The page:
My leadership at my church feels fruitless and my last few sermons stank; in the first 34 weeks of this year, I published only 25 “weekly” articles; and all my service to a partner charity feels last minute, like I’m doing everything in the nick of time.

Recently, I spend less time with my wife than I want; my brother (who lives in Australia) is visiting for two months and I’ve only met with him once; I’m having far fewer one-on-one meetings to care for acquaintances; and I’m falling behind in paperwork, housework, and email.

Bilbo Baggins once reflected, “I feel like butter scraped over too much bread.”

My heart says, “Me too.” I have too much to do and too little time to do it. My activities suffer from inadequate attention because I’m off to the next thing, which I’ll also do badly because something else (or someone else) cries out for attention. This morning I read this old quote:

God created the world out of emptiness, and as long as we are empty, he can make something out of us.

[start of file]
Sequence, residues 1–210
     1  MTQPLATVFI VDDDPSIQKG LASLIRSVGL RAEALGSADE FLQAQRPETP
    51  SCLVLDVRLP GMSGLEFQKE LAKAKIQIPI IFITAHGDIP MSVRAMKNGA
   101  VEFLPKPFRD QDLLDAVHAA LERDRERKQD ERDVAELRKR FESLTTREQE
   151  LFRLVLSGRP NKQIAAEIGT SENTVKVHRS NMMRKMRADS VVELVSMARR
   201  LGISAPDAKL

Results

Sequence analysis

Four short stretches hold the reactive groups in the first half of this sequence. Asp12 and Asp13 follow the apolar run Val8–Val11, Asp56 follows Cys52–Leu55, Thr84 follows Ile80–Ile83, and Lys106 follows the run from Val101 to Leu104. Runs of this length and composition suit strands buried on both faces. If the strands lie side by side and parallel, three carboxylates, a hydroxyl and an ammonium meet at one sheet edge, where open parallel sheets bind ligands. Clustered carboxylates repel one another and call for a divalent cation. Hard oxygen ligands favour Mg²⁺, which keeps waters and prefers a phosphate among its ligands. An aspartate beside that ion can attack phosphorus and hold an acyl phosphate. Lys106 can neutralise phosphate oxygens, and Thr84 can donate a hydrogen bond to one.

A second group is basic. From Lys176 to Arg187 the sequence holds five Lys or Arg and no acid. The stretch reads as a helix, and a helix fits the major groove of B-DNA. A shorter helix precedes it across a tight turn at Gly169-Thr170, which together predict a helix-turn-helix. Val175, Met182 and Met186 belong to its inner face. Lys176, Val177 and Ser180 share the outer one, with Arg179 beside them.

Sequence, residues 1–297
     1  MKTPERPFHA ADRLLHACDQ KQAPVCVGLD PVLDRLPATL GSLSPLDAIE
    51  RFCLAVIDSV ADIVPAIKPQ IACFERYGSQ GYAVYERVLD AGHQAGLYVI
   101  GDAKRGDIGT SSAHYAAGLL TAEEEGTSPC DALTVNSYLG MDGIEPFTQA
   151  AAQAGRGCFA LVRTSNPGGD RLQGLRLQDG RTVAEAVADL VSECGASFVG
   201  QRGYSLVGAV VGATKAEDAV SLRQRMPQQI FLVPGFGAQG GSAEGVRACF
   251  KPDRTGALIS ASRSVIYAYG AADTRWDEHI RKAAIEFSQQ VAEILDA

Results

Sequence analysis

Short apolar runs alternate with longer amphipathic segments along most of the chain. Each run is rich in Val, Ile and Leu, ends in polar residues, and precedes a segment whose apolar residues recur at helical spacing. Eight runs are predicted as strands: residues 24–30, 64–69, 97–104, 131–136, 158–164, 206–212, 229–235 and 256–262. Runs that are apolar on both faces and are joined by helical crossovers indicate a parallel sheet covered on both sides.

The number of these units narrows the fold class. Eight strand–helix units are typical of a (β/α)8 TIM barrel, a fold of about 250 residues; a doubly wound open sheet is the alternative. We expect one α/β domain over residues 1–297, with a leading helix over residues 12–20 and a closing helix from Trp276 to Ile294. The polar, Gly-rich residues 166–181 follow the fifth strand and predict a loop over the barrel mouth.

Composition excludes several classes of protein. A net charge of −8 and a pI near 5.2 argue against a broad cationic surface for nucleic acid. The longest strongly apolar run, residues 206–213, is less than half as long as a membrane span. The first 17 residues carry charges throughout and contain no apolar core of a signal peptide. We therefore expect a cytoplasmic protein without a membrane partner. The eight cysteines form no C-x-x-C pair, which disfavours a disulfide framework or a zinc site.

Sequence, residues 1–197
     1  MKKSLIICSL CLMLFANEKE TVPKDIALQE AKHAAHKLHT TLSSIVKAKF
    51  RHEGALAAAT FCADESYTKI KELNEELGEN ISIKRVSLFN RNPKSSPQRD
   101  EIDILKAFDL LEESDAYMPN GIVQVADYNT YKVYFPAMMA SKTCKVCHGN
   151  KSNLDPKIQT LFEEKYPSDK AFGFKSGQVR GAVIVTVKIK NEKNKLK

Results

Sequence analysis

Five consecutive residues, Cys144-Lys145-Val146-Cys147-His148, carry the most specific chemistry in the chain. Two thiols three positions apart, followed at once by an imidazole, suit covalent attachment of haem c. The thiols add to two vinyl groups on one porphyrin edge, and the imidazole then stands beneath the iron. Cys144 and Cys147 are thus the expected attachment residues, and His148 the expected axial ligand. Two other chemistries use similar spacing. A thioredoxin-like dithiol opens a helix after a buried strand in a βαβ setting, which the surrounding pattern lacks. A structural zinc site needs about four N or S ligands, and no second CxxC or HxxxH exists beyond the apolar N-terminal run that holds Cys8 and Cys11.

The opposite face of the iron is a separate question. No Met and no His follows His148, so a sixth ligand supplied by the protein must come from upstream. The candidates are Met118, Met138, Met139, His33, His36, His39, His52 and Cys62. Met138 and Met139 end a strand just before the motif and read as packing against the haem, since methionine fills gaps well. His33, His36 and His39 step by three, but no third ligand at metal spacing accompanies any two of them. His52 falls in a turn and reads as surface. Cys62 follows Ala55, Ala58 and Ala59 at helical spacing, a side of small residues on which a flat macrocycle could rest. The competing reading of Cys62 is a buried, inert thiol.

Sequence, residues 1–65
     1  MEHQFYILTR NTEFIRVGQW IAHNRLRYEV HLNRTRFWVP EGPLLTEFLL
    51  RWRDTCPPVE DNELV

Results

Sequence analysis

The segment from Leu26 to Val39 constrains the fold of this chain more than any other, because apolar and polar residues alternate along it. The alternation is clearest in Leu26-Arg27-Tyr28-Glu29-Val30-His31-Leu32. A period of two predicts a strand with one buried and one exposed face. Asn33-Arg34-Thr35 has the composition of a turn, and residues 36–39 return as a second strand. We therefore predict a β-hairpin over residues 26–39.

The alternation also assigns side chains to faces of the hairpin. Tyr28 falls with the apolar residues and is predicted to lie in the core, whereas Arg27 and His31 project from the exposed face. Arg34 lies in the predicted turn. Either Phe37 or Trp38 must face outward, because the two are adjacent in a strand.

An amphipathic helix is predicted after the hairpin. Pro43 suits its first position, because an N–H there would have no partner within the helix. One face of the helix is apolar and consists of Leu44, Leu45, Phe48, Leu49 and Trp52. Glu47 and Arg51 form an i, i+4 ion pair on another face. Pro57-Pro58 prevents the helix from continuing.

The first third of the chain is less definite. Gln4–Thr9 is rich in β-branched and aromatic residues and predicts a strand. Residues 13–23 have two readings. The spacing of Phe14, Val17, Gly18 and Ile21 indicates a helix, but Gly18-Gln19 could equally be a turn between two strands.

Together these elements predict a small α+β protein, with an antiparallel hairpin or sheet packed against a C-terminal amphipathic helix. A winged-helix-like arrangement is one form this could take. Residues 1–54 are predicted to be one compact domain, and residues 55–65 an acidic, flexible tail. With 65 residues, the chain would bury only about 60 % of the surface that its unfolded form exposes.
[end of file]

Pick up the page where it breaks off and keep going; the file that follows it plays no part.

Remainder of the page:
God is calling me to embrace my emptiness.

The Humility of Our Mysterious Purpose

Two and a half years ago, my wife and I decided to sell our house. We followed commonsense wisdom: we decluttered closets, upgraded appliances, and replaced old wallpaper with fresh paint.

Then we put our beloved house on the market. And nada. Well, not quite nothing. We had multiple almost-buyers, couples who claimed they would make an offer by the weekend. But an obstacle always cropped up, a pregnancy, an illness, a job change, and a declined loan.

We were bewildered. The price was reasonable (based on comparable homes), the house was gorgeous (no bias on my part), and the Ann Arbor real-estate market had taken off like a ballistic missile (houses often received multiple offers the day they were listed).